11. 11. David B. Coe

    Thanks for the clarification, Kelly. I think we’re coming at this matter from the same place.

    Raethe, thanks for the comment, and please feel free to lurk and comment any time! And Adam, thank you for commenting as well. I still maintain that fiction and reality are different, and that fiction has certain “rules” that have to be met for a story to work. Life isn’t neat. It doesn’t always follow recognizable story arcs. And sometimes human behavior isn’t rational. For a novel to work it has to be internal consistent. Characters need to develop in ways that make sense. That doesn’t mean they have to be predictable; it just means that when they’re not predictable, there has to be a satisfying reason.

  12. 12. Adam Heine

    You’re write. Life doesn’t follow recognizable story arcs. For some reason, though, we want it to. I think that points to something, some need, deep inside of us, but that’s a much bigger topic than this post perhaps.

    I guess I would say that the “rules” we have for fiction, we also apply to reality, but in reality we can’t yell at the author for “doing it wrong.”

  13. 13. Adam Heine

    Ugh, I keep doing that. I meant to say, “You’re right.”

    It’s gotta be some kind Freudian slip or something.

  14. 14. David B. Coe

    No, we can’t yell at the author. I do spend a fair amount of time shaking my fist at the cosmos, however. :)

    Thanks for the comments, Adam.

  15. 15. Daemonworks

    When you think about it, out species has made quite the hobby out of trying to force the universe in general, not to mention our fellow human beings, to actually make sense. The driving impulse behind religion, philosophy, science, psychology, etc. is, largely, the question “Why the hell did that just happen?!” People tend to get quite uncomfortable when things happen that they don’t understand. Fairly often if we can’t figure out why it happened, we’ll invent reasons, or accept the first explanation given to us by somebody who seems to know what they are talking about.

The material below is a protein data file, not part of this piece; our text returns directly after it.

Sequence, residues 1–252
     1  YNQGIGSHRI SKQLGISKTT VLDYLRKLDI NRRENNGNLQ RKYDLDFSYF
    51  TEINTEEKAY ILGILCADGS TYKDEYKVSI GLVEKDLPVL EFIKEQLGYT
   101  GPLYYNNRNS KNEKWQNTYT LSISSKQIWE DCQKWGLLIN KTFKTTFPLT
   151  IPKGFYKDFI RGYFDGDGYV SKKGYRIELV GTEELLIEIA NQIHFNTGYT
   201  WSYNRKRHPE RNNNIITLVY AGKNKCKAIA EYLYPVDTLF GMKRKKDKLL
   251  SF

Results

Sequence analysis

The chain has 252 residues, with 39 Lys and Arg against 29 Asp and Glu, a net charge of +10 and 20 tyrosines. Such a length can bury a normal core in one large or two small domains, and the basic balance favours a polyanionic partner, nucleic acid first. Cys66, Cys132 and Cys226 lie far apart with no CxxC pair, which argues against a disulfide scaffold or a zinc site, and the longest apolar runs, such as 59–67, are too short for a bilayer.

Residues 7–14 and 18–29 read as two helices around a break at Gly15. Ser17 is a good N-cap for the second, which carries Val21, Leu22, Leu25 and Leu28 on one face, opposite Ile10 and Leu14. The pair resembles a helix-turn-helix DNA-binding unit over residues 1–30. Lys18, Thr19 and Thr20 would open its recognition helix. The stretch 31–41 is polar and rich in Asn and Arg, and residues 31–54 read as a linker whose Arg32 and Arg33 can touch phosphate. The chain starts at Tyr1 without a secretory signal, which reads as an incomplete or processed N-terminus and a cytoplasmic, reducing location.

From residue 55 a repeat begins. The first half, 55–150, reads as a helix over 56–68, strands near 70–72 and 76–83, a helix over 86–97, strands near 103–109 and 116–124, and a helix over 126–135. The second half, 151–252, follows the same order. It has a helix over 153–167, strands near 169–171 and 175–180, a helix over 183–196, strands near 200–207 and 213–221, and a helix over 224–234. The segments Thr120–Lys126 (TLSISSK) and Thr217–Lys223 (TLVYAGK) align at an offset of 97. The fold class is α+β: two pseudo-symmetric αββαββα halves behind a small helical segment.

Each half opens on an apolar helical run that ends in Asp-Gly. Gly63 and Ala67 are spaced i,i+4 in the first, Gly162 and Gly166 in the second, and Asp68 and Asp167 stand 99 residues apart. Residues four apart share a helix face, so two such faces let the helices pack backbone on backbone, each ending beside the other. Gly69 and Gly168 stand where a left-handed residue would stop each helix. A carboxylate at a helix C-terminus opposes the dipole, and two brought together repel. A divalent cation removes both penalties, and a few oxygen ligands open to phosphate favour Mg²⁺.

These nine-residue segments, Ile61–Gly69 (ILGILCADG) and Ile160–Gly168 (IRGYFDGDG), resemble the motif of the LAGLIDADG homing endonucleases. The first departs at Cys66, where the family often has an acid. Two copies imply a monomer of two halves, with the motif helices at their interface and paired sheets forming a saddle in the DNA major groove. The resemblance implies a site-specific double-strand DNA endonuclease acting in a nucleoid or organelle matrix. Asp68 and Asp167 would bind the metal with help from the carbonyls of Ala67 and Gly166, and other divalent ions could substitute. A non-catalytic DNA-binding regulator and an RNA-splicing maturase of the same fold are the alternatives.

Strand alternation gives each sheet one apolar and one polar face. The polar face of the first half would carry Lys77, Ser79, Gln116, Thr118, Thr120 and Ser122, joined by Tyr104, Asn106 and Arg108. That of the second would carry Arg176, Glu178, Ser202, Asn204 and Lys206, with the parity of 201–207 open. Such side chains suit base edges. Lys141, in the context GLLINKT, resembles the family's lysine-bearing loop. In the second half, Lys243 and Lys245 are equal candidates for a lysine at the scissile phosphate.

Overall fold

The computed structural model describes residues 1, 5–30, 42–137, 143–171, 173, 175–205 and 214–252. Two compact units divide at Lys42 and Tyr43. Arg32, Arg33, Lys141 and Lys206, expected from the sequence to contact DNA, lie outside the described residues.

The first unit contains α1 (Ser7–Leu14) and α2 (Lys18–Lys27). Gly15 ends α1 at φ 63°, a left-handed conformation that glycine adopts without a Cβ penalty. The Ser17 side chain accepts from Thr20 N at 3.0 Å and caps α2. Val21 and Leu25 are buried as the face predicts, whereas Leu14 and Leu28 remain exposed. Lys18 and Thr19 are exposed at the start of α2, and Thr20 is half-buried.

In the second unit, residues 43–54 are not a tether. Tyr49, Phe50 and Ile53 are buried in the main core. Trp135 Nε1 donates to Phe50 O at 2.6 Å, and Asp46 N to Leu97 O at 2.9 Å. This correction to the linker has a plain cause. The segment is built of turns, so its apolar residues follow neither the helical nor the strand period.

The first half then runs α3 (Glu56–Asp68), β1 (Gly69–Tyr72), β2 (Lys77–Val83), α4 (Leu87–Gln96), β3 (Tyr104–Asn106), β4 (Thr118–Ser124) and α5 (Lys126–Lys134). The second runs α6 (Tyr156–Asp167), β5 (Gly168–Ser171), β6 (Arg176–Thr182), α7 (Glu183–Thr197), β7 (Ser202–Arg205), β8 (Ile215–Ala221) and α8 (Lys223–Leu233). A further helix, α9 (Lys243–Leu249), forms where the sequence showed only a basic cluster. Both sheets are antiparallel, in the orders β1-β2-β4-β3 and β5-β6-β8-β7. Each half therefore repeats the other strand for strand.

It’s not too surprising that people want books to make sense, given how much effort we put into denying that real life is largely composed of nonsense.

  16. 16. David B. Coe

    Leanne, sorry I missed your comment earlier. Yes, I’m sure that there is no example you could imagine that would be stranger than things that have actually happened.

    Daemon, excellent point — you’re right, most himuan institutions and endeavors represent attempts to impose rationality and understandable patterns on a chaotic world.

  17. 17. bob charters

    The old proverb (how old is it? I don’t know): “Truth is stranger than fiction”, is probably a useful one for us writers of fiction to keep in mind. The point: don’t try to make your fiction stranger than some of the truth you hear!

    While the “truth”, in itself, would make a good non fiction story, it’s selling point is the fact that it actually happened. Our selling point is the fact that it makes a good story, even if it didn’t happen.

  18. 18. peacerenity

    “we think nothing of living in a world in which fools run nations and brilliant academicians are paid a pittance.”

    lol, please show your political affiliation and profession more, mr. coe.

  19. 19. David B. Coe

    I’m an author. I’m a liberal Democrat. If you don’t like the opinions I’m expressing that’s fine, but don’t make assumptions about my profession or my politics. For the record, my wife is the brilliant academician I was referring to, and yeah, I’d put her intellect up against Rod Blagojevich’s any day of the week….

Author Information

David B. Coe

David B. Coe (http://www.DavidBCoe.com) is the Crawford award-winning author of the LonTobyn Chronicle, the Winds of the Forelands quintet, the Blood of the Southlands trilogy, and a number of short stories. Writing as D.B. Jackson (http://www.dbjackson-author.com), he is the author of the Thieftaker Chronicles, a blend of urban fantasy, mystery, and historical fiction. David is also part of the Magical Words group blog (http://magicalwords.net), and co-author of How To Write Magical Words: A Writer’s Companion. In 2010 he wrote the novelization of director Ridley Scott’s movie, Robin Hood. His books have been translated into more than a dozen languages. Visit site.